[Suggested citation: Johannes Beringer, “On Skip NormanRosa Mercedes 03/B (April 2021), www.harun-farocki-institut.org/en/2021/04/30/on-skip-norman/]

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April 2021 — Rosa Mercedes / 03 / B
Interface

Lauren Berlant, the brilliant theorist of “cruel optimism” and related issues, died of a rare form of cancer on June 28. The following, devastatingly optimistic quote is from a 2016 essay on the commons as “infrastructures for troubling times,” part of a book that they worked on with the typically double-edged title On the Inconvenience of Other People: “What remains for our pedagogy of unlearning is to build affective infrastructures that admit the work of desire as the work of an aspirational ambivalence. What remains is the potential we have to common infrastructures that absorb the blows of our aggressive need for the world to accommodate us and our resistance to adaptation and that, at the same time, hold out the prospect of a world worth attaching to that’s something other than an old hope’s bitter echo. A failed episode is not evidence that the project was in error. By definition, the common forms of life are always going through a phase, as infrastructures will.”

 

Some basics from the Strike MoMA site: “Campaigns, actions, and letters chip away at the regime’s facade from the outside. Inside, every time workers organize, defy the boss, care for a coworker, disrespect secrecy, or enact other forms of subversion, cracks are created in the core. Cracking and chipping, chipping and cracking. As the walls that artificially separate the museum from the world collapse, we reorient away from the institution and come together to make plans. Let us strike in all the ways possible to exit from the terms of the museum so we can set our own.”

 

via Hyperallergic on the environmental impact of blockchain referring to recent NFT (non-fungible token) art sales: “This is not the first time the art world has come under scrutiny for being on the wrong side of the climate conversation. Artists and activists have protested everything from the carbon footprint of physical art fairs to the fossil fuel money funding major museums. But some say the energy consumption of cryptocurrencies is particularly egregious, and research shows it’s relatively easily quantifiable. A study by Cambridge University, for instance, estimates that bitcoin uses more electricity per year than the entire nation of Argentina. (Ethereum mining consumes a quarter to half of what Bitcoin mining does, but one transaction uses more power than an average US household in a day, according to the Institute of Electrical and Electronics Engineers.)”

 

Nicholas Mirzoeff on “Artificial vision, white space and racial surveillance capitalism”: “Based as it is on ‘epidermalization’ (the assertion of absolute difference based on relative differences in skin color), AI’s racial surveillance deploys an all-too-familiar racialized way of seeing operating at plan-etary scale. It is the plantation future we are now living in. All such operations take place in and via the new imagined white space of technology known as the cloud. In reality, a very material arrangement of servers and cables, the cloud is both an engine of high-return low-employment capitalism and one of the prime drivers of carbon emissions.”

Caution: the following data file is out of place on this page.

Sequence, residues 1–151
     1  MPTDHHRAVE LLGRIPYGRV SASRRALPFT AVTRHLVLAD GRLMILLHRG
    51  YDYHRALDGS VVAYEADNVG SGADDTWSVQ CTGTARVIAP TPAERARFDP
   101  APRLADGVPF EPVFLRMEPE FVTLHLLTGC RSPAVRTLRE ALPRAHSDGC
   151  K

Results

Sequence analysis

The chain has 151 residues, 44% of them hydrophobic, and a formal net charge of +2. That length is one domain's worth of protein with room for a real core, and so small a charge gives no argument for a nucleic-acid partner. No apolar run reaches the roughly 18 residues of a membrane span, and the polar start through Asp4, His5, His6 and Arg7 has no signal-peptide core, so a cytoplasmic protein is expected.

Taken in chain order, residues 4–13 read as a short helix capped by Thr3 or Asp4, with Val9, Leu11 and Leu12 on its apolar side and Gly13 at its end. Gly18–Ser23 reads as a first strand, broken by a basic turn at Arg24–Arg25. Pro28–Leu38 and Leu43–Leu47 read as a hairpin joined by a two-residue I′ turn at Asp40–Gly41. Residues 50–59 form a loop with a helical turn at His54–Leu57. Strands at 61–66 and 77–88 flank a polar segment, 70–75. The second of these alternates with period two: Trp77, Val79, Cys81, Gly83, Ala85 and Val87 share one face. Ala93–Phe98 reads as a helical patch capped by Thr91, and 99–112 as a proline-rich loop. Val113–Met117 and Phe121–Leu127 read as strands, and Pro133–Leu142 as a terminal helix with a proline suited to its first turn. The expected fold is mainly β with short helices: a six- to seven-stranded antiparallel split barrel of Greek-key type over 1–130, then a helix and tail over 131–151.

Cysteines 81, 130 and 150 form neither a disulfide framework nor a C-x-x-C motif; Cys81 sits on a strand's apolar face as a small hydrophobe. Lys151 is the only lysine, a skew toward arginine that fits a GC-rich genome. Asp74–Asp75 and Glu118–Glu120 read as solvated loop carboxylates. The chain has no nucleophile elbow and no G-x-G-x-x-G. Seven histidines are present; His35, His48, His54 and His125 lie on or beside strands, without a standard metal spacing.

Sara Ahmed on the performativity of disgust (from The Cultural Politics of Emotion, 2004): “To name something as disgusting is to transfer the stickiness of the word ‘disgust’ to an object, which henceforth becomes generated as the very thing that is spoken. The relationship between the stickiness of the sign and the stickiness of the object is crucial to the performativity of disgust as well as the apparent resistance of disgust reactions to ‘newness’ in terms of the generation of different kinds of objects. The object that is generated as a disgusting (bad) object through the speech act comes to stick. It becomes sticky and acquires a fetish quality, which then engenders its own effects.”

November 7th, 2020

David Graeber (1961-2020) on What Would It Take (from his The Democracy Project. A History, a Crisis, a Movement, 2013, p. 193): “We have little idea what sort of organizations, or for that matter, technologies, would emerge if free people were unfettered to use their imagination to actually solve collective problems rather than to make them worse. But the primary question is: how do we even get there? What would it take to allow our political and economic systems to become a mode of collective problem solving rather than, as they are now, a mode of collective war?”

September 7th, 2020

T.J. Demos on why cultural practitioners should never surrender, via tranzit.sk:  “For artists, writers, and curators, as art historians and teachers, the meaning-production of an artwork is never finished, never fully appropriated and coopted, in my view, and we should never surrender it; the battle over significance is ongoing. We see that battle rise up in relation to racist and colonial monuments these days in the US, the UK, and South Africa. While the destruction of such monuments results from and is enabling of radical politics, it’s still not enough until the larger institutions that support and maintain their existence as well as the continuation of the politics they represent are also torn down. This is urgent as well in the cultural sphere, including the arts institutions, universities, art markets, discursive sphere of magazines and journals, all in thrall to neoliberalism, where we must recognize that it’s ultimately inadequate to simply inject critical or radical content into these frameworks, which we know excel at incorporating those anti-extractivist expressions into further forms of cultural capital and wealth accumulation. What’s required is more of the building of nonprofit and community-based institutions, organizing radical political horizons and solidarity between social formations.”

August 21st, 2020